At home in Rajasthan in our Hockey Village we finally managed to buy land so that we could lay out the second hand astro turf that I imported from Germany. That time the government provided some land and money for us to make that ground, but the local villagers and politicians were filing an objection against me and my project. So I had to claw back and store the astro turf somewhere. That astro turf will give another boost to our children and soon we will reach the top of the Indian hockey world. In our school we are teaching the little ones from kindergarten to class two with a tailor-made teaching concept. We have lots of colourful games and teach in very small classes.
Tell us about any current projects
We desperately need more support for our hockey ground. We need to construct a base and need minimum 15 lakhs for that. Without that turf we are nowhere.
What has been your biggest challenge in achieving your success?
My biggest challenge was, that the girls started wearing the hockey skirts that I was tailoring for them. Especially for the girls in that conservative area it is a huge challenge to do sports. Most of them were never running in their life, and we take them out for tournaments all over the country. They get exposure and are growing in self confidence. I am very proud of the girls.
Where do you see Indian Hockey?
I feel that hockey is improving to another level. Still – there is not much work done at the grass routes level. The image of the game has to be improved. People should not do sports because they can earn money out of it – they should do sports because they love it! Germany has a non professional hockey team where all players are studying and earning their daily bread and butter, but we are at the top of the world, because we are disciplined and because we have a lot of compassion for the game. India is the best paid team in the world, but they are hardly educated and they have only hockey in their life – nothing else. I think that has to be changed. In some two or three years I will have the proof with my kids that the mixture of sports and education is the key to success.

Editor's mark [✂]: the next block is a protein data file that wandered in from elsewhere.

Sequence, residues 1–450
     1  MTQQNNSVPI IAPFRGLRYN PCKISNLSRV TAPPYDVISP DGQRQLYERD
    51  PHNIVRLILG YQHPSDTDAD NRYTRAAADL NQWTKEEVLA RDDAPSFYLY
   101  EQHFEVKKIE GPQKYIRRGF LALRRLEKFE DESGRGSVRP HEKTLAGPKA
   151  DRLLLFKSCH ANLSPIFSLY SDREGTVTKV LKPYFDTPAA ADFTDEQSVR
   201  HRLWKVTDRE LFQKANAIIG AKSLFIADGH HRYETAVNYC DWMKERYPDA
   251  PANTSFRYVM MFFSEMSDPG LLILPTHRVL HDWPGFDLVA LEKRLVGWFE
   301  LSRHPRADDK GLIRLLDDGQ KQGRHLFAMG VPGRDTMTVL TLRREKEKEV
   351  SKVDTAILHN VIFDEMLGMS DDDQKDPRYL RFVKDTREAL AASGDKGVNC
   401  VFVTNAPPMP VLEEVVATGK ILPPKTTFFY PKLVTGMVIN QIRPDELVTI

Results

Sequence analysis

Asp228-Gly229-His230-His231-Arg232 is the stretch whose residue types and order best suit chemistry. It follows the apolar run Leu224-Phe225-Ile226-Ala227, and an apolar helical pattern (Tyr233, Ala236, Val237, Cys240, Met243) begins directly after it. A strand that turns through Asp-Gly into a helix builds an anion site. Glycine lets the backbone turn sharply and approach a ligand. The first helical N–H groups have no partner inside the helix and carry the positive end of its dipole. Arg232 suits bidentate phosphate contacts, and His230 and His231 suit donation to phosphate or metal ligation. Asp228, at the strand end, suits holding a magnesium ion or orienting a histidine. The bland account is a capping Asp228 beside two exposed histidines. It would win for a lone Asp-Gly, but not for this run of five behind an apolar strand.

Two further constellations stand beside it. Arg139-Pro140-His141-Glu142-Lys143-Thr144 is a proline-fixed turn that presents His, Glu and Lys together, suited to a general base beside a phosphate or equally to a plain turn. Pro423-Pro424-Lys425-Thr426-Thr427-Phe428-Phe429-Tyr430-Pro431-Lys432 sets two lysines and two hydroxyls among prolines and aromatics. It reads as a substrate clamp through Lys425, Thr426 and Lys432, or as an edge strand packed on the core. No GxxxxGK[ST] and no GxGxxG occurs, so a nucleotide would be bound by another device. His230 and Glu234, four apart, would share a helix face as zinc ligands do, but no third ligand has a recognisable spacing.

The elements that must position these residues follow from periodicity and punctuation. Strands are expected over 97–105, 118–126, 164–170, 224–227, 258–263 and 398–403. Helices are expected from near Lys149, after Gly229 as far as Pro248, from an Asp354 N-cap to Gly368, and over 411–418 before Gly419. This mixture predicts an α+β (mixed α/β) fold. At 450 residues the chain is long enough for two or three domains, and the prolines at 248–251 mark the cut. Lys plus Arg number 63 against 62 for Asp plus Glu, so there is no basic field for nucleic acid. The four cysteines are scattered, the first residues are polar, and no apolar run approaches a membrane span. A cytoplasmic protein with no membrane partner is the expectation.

The smiling faces of my village kids are worth more than any money in this world.
What has been your greatest achievement personally?
That as a white woman in such a conservative place, I could make a change and people could start believing in me.
If you weren’t doing what you do now, what would you be doing?
I would live in my penthouse in Berlin, drive my Audi TT, run my travel business, travel the world but would miss out the most important thing in life: satisfaction because it feels so good to give back. The smiling faces of my village kids are worth more than any money in this world.
Who has been your biggest inspiration?
I never really had any idols. I also have no religion. I am a human being – that’s all. I love the thoughts of the Dalai Lama. He is my inspiration.
What does the future hold for you?
Hopefully some sponsors in India so that we can lay out our astro turf now and many more hockey villages all over the country.
I started playing hockey at the age of six, played several nationals in my youth and was selected for the German sub junior national squad at the age of 16. I only played for a few months as I was injured with a serious back injury. After surgery I recovered and moved to Berlin where I studied fashion design and played primary league for the Berlin Sports Club. Later, I did my second education in Tourism Marketing. I started coaching young people at the age of 14 and helped produce many national players and two international female players for Germany.
This article was provided by WeAreTheCity Mumbai committee member, Abhishek Chandola.